It is clear that Ambedkar believed that capitalism and socialism couldn’t co-exist. Obviously, his support for private enterprise points to an internal contradiction in his concept of socialism. Of course, there is no contradiction vis-à-vis agricultural sector and basic and key industries, which he wanted to be entirely state-owned. (Editor’s note: For Gail Omvedt’s views on this subject, read her article published in the November 2012 issue of the Forward Press magazine.)
The key and unique speciality of Ambedkar’s concept of state socialism is that he did not leave it to the discretion of the legislature but wanted to implement it through Constitutional provisions, so as to ensure that neither the legislature nor the executive could tinker with it.
He knew very well that parliamentary democracy is the rule of majority. One election may throw up a government in favour of state ownership of the agricultural and industrial resources. The next election may install a government averse to the idea. That is why, for Ambedkar, socialism could not be left to the discretion of the legislature, which can end it any time through brute majority.
“What is the alternative?” Dr Ambedkar himself answers the question: “The alternative is dictatorship.” Here, he favours dictatorship but adds: “Those who believe in individual freedom strongly object to dictatorship … They feel that freedom of the individual is possible only under parliamentary democracy … However much they may be anxious to have state socialism, they will not be ready to exchange parliamentary democracy for dictatorship even though the gain by such an exchange is the achievement of state socialism.” The solution to the problem is “to prescribe state socialism by the law of the Constitution so that it will be beyond the reach of a parliamentary majority to suspend, amend or abrogate it”.
Ambedkar said, “The soul of democracy is the doctrine of one man, one value. Unfortunately, democracy has attempted to give effect to this doctrine only so far as the political structure is concerned.” He added: “It was equally essential to prescribe the shape and form of the economic structure of society if democracy is to live up to its principle of one man, one value. Time has come to take a bold step and define both the economic structure as well as the political structure of society by the Law of the Constitution.”
Ambedkar’s concept of state socialism, especially with respect to agriculture, is revolutionary. No other socialist thinker of India – not Nehru, not even Lohia – favoured state ownership of agricultural land. Nehru only emphasized land reforms while Lohia wanted status quo as far as the farm sector is concerned. Even M. N. Roy had not envisaged any systemic changes to change the economic structure. It was only Ambedkar who demanded industrialization of agriculture.
The most striking aspect of Ambedkar’s concept of socialism is that it is centred on the poor and the workers. It does not differentiate between the Savarna and the Dalit, between the Hindu and the Muslim. He saw workers of all religions, communities, castes and of both the genders only as workers. Ramvilas Sharma has rightly said that in his avatar as the labour leader, Ambedkar gave no consideration to caste. He only talked of classes and wanted to hand over the leadership of the country to the labour class.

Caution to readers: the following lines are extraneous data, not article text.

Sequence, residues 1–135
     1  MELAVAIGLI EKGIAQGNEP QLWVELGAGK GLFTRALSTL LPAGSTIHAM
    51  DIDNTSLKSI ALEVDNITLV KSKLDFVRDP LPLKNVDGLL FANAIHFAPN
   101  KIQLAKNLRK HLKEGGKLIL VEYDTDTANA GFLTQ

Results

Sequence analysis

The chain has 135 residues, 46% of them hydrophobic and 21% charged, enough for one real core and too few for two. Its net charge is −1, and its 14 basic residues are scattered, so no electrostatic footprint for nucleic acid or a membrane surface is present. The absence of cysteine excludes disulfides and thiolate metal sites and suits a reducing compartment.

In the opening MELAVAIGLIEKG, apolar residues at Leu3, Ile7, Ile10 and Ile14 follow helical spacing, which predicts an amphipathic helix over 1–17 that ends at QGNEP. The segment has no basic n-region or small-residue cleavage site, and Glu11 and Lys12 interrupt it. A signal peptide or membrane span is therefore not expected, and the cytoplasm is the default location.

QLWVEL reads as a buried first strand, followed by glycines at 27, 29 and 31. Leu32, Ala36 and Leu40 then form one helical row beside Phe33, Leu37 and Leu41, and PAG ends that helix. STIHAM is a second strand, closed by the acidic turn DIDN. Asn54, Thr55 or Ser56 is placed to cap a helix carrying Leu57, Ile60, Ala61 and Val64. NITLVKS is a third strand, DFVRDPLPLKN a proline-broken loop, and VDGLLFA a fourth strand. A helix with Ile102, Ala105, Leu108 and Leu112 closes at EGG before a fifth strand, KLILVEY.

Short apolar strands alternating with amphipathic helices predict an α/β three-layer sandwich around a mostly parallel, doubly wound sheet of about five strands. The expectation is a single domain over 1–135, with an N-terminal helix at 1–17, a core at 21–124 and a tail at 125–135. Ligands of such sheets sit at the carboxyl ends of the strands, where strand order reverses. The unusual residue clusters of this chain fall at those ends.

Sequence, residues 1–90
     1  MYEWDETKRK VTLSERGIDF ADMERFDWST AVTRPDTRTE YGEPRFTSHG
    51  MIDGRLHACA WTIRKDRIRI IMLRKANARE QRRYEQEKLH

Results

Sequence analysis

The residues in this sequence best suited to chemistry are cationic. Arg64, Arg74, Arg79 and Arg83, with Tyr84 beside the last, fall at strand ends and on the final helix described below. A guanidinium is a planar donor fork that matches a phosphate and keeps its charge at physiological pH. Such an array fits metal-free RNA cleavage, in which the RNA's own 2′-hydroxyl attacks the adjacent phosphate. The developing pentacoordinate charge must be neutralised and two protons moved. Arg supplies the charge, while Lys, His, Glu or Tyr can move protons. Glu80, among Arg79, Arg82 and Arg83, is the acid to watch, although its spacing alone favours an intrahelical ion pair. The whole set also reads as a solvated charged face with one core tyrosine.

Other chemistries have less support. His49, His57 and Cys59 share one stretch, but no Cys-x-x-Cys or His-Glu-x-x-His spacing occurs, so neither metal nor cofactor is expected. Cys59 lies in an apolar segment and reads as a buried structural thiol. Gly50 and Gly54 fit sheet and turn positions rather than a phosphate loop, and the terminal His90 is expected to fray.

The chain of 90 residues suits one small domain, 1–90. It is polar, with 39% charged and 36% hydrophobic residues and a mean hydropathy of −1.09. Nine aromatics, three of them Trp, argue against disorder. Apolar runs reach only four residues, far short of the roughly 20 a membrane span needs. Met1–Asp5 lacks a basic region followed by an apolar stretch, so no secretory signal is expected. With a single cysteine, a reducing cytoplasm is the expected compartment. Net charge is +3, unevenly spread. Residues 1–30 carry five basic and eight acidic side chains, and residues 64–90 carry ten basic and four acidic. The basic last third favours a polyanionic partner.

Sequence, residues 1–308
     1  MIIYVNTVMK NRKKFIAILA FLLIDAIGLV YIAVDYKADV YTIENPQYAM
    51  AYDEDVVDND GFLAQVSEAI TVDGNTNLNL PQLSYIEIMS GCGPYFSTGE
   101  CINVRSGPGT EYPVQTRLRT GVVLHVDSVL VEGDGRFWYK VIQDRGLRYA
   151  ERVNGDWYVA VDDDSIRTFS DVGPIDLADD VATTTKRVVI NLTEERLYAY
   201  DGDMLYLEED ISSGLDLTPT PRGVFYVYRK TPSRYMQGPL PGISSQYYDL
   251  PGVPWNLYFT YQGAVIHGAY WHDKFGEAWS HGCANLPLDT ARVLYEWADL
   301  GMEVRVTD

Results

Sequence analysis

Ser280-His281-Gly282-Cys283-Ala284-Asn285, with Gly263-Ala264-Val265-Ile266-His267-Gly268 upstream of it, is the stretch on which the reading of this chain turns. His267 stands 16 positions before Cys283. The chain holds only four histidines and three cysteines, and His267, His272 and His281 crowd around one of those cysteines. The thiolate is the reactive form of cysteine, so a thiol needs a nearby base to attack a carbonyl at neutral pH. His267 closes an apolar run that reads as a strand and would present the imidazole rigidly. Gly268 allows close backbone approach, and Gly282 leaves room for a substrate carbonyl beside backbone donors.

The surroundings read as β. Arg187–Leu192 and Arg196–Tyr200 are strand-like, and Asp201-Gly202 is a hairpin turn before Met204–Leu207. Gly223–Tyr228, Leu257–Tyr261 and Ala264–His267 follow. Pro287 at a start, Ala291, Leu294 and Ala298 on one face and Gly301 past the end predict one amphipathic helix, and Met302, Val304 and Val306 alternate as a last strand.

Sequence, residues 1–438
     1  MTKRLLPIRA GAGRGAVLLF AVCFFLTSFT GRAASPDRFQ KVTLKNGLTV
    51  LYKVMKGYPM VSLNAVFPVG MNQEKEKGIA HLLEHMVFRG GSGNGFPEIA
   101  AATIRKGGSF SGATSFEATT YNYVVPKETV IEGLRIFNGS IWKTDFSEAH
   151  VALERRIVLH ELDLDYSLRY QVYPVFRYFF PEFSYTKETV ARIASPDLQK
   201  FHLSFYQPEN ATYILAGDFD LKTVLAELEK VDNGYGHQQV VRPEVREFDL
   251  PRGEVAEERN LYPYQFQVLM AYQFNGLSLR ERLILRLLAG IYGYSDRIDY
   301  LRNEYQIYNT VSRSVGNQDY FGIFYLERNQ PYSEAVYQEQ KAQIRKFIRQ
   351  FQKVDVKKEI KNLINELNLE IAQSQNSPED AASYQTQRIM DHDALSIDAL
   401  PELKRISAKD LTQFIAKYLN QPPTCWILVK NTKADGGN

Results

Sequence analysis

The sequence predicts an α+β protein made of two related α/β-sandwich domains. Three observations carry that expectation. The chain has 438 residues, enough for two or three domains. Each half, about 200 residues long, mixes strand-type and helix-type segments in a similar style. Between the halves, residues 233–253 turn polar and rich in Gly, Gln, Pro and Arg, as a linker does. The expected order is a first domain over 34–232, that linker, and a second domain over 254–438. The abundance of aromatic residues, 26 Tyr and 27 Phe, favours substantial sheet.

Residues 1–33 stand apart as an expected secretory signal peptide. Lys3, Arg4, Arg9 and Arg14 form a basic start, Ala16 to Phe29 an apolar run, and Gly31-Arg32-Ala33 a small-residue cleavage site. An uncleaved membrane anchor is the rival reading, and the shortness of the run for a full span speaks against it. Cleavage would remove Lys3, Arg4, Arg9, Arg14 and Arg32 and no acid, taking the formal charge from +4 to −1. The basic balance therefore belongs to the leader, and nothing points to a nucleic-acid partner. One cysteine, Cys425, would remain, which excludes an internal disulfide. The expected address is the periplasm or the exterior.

Today, when the economy of the country is in the hands of the upper, middle and aristocratic classes, which, in collusion with the rulers, have made life miserable for the huge poor, Dalit and labour population, labour leadership is not merely an academic and intellectual issue. But who will approach the people with this issue? Is it not the responsibility of the Dalit and leftist thinkers to draw up a common programme to deal with this issue?
(This article was first published in the March 2012 issue of Hindi literary magazine Tadbhav. It has been republished here with the permission of the author.)
 Dr Babasaheb Ambedkar: Writings And Speeches, vol 10, p 110
 Madhu Limaye’s article in Hindi Kalam, ed Neelkant, January-July 1996
 Baudh Dharm Pracharak, March 2002
 Marx and Engels, Collected Works, vol 2, part 1, p 97
 ibid p 105-106
 ibid p 107
 ibid p 108-109
 ibid p 109
 Baudh Dharm Pracharak, March 2002, p 13
 ibid p 13-14
 ibid p 14
 Dr Babasaheb Ambedkar: Writings and Speeches, vol 10, p 43
 ibid p 36
 ibid p 36
 ibid p 40
 ibid p 41
 ibid p 107
 ibid p 109
 Dr Ramvilas Sharma’s article in Kal ke Liye (Dalit Literature Special), ed Dr Jai Narayan, December 1998
 Dr Babasaheb Ambedkar: Writings and Speeches, vol 10, p 100
 ibid p 109
 ibid p 110
 ibid 110
 ibid p 111
 ibid p 112
 Dr Ambedkar Sampoorna Vangmay, part 9, p 39
 Dr Babasaheb Ambedkar: Writings and Speeches, vol 10, p 126
 Dr Ambedkar Sampoorna Vangmay, part 2, p 267
 ibid p 193
 ibid p 271-272
 Dr Babasaheb Ambedkar: Writings and Speeches, vol 1, p 396-397
 Dr Ambedkar Sampoorna Vangmay, part 2, p 108
 ibid p 181
 ibid p 181
 ibid p 193
 ibid p 194
 ibid p 196
 ibid p 197
 ibid 198
 Gyan Singh Bal’s article in Voice of Buddha, ed Udit Raj, 16-31 May 2002, p 7
 Kal ke Liye (Dalit Literature Special), December 1998, p 10